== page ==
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The New Gilded Age and its Discontents.
July 3, 2002 9:36 AM   Subscribe

The New Gilded Age and its Discontents. Nobel Prize-winning economist Joseph Stiglitz began explaining why markets fail long before Enron and WorldCom rose, exploded and crashed. But not many people wanted to listen during the boom-boom '90s; Stiglitz was even fired from his position as chief economist at the World Bank after he repeatedly criticized the organization's free-market obsessions.
posted by Ty Webb (8 comments total)

 
I like Stiglitz, see also this article where he accuses the IMF of being partially responsible for the problems in East Asia's economy.
posted by bobo123 at 10:17 AM on July 3, 2002


You mean industrial deregulation isn't the best thing since polyurethane condoms? Corporations actually need guidance and oversight lest they chase the buck to ruthlessly??

When you consider how much beter flying and making telephone calls are now than they were then...who'd of thunk it?
posted by BentPenguin at 10:29 AM on July 3, 2002


I am glad somebody with clout and intelligence is out there who can state succinctly the nebulous concerns I have had about how our economy has been expanding on massively inflated corporations. If the government successfully regulated businesses in the way Stiglitz suggests I wonder if large corporations would simply cease to form. There would be little incentive for individuals within a company to take risks in pursuit of growth, since they wouldn't be able to reap a massive windfall as a result.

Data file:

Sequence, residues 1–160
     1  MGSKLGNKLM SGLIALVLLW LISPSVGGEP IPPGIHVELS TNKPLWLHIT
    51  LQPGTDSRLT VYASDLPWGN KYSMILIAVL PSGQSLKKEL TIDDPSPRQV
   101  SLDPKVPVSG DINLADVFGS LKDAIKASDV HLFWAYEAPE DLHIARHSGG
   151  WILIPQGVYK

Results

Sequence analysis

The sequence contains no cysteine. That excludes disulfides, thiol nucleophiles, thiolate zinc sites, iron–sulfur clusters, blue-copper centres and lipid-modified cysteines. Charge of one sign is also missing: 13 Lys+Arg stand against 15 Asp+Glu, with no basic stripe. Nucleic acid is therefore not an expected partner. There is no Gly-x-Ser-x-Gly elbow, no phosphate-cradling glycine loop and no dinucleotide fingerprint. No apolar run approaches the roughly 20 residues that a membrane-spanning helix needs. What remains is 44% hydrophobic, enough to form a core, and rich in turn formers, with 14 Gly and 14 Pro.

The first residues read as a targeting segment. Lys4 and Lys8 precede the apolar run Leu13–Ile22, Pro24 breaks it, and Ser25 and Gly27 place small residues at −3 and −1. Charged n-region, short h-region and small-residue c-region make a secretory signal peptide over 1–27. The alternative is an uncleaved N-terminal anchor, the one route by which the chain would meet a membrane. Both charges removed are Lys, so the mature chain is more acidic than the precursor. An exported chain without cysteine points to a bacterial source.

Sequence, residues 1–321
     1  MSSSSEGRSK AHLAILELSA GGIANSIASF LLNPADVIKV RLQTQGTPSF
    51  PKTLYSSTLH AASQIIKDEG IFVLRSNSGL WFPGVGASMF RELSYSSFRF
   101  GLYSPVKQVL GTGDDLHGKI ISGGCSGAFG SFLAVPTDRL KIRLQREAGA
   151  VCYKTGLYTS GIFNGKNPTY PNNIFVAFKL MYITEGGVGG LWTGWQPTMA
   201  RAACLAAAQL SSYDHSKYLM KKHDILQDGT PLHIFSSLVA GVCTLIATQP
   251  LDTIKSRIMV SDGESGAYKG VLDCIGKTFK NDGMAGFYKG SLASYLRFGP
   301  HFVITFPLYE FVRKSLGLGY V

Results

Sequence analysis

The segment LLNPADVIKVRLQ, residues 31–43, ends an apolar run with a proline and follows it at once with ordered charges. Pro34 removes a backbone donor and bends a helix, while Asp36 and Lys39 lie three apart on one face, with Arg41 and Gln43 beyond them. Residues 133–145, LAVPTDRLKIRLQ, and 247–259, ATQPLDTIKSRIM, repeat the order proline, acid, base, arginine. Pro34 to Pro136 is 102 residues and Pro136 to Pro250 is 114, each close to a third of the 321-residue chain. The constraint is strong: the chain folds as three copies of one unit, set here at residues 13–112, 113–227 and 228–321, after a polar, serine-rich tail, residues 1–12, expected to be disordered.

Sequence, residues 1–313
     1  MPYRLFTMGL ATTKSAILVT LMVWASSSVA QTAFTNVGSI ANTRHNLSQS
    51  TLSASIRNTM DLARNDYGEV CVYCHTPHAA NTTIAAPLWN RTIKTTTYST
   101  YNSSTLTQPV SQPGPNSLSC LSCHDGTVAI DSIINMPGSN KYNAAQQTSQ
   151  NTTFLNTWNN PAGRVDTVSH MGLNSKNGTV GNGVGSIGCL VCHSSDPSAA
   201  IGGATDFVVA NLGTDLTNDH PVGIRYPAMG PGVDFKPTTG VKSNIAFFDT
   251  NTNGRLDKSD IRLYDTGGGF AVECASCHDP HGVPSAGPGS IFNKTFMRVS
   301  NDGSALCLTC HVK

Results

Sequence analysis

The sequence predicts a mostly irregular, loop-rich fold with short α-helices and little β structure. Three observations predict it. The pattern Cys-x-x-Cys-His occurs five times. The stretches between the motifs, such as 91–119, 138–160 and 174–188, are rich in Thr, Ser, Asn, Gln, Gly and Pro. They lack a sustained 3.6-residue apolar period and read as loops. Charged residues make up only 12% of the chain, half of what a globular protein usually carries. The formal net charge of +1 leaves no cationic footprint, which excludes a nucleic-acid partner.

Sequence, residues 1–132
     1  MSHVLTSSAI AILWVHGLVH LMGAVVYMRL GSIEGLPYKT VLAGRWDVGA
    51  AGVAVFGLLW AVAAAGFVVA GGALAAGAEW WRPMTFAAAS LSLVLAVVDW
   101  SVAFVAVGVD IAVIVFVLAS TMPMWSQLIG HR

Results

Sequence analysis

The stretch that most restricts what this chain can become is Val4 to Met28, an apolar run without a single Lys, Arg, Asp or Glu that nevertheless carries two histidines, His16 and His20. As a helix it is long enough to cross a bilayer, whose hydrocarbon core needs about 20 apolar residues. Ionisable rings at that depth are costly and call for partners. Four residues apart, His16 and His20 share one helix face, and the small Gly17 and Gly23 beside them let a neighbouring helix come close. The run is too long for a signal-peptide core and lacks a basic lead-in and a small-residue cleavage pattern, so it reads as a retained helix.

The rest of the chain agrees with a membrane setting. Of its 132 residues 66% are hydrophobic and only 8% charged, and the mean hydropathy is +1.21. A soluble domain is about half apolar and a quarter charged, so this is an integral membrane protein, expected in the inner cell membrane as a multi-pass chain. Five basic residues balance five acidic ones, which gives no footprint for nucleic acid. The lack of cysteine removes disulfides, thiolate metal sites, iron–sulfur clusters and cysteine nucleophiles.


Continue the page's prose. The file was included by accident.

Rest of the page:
posted by plaino at 10:59 AM on July 3, 2002


I'm in favor of the mafia regulating the government, just to keep them on the right track, you know, guide them away from amassing power and money so vociferously.
posted by insomnyuk at 7:30 PM on July 3, 2002


And Ty, I know you're an pro-regulation journalist, but why are so many of your posts about the market vs. regulation debate?

I guess I just answered my own question.
posted by insomnyuk at 7:35 PM on July 3, 2002


Trust me, yuk. I know what Ty's real passions are. Let him stick to the highbrow stuff for all our sakes!
posted by black8 at 7:45 PM on July 3, 2002


And Ty, I know you're an pro-regulation journalist, but why are so many of your posts about the market vs. regulation debate?

Markets vs. regulation is a false contest; there are no markets without regulation. The only question is to what extent they should be regulated and in what areas.

If you're suggesting that I'm preoccupied with market science, then I'm guilty as charged. I certainly don't think that regulation is the answer to all problems, and I do think that markets can, in many instances, efficiently organize themselves, but only within the framework of law that balances out long term social needs versus short term economic ones.

Oh, black8: we still on for tonight?
posted by Ty Webb at 11:38 AM on July 4, 2002


only within the framework of law that balances out long term social needs versus short term economic ones

This is definitely my favourite meme right now. How does one get there, within the bounds of the party political quagmire (ie with the current level of vested interests)?
posted by walrus at 7:21 AM on July 5, 2002


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